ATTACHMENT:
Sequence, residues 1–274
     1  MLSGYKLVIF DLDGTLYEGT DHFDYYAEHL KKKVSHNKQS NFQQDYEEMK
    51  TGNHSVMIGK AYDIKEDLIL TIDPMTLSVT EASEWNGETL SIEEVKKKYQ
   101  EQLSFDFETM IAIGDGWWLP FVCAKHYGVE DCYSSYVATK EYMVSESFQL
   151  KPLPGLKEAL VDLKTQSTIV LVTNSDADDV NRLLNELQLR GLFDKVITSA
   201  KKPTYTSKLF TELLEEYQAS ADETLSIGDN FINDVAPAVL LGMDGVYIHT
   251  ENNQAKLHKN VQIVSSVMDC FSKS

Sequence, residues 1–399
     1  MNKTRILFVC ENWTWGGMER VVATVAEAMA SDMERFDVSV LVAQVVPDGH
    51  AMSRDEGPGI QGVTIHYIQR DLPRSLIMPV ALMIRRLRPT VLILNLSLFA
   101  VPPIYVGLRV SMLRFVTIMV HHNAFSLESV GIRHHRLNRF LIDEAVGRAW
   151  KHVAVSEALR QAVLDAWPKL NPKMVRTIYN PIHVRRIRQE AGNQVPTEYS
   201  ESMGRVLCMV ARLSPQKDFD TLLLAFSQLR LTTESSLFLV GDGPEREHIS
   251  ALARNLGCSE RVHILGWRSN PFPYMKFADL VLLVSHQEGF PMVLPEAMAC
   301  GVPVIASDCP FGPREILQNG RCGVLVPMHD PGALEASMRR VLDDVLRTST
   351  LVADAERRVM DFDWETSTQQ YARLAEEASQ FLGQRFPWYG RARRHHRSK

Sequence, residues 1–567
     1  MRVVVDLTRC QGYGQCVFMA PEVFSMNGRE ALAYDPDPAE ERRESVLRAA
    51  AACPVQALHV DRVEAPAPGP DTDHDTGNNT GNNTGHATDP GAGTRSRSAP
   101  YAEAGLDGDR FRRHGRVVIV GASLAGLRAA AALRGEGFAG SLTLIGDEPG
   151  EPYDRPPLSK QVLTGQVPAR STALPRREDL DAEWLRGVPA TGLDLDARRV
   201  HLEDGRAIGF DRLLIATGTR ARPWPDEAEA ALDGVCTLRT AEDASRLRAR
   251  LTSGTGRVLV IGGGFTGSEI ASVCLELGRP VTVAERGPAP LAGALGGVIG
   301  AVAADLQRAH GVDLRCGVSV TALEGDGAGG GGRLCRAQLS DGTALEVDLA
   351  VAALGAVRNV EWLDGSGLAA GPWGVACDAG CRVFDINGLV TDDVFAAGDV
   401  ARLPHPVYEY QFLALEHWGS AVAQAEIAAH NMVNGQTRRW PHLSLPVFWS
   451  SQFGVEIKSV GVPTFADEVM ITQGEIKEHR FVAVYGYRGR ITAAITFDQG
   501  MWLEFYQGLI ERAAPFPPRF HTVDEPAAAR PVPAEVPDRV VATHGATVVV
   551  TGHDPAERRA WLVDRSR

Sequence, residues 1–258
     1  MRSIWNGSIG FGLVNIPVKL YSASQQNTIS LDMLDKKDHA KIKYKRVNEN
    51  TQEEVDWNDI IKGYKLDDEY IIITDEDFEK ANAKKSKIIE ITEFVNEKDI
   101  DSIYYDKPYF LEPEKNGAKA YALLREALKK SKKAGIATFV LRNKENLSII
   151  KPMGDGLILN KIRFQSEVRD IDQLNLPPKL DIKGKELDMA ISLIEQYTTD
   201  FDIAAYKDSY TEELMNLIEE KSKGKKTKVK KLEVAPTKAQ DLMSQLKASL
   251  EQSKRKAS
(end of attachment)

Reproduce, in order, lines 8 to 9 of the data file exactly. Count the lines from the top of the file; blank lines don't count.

Sequence, residues 1–399
     1  MNKTRILFVC ENWTWGGMER VVATVAEAMA SDMERFDVSV LVAQVVPDGH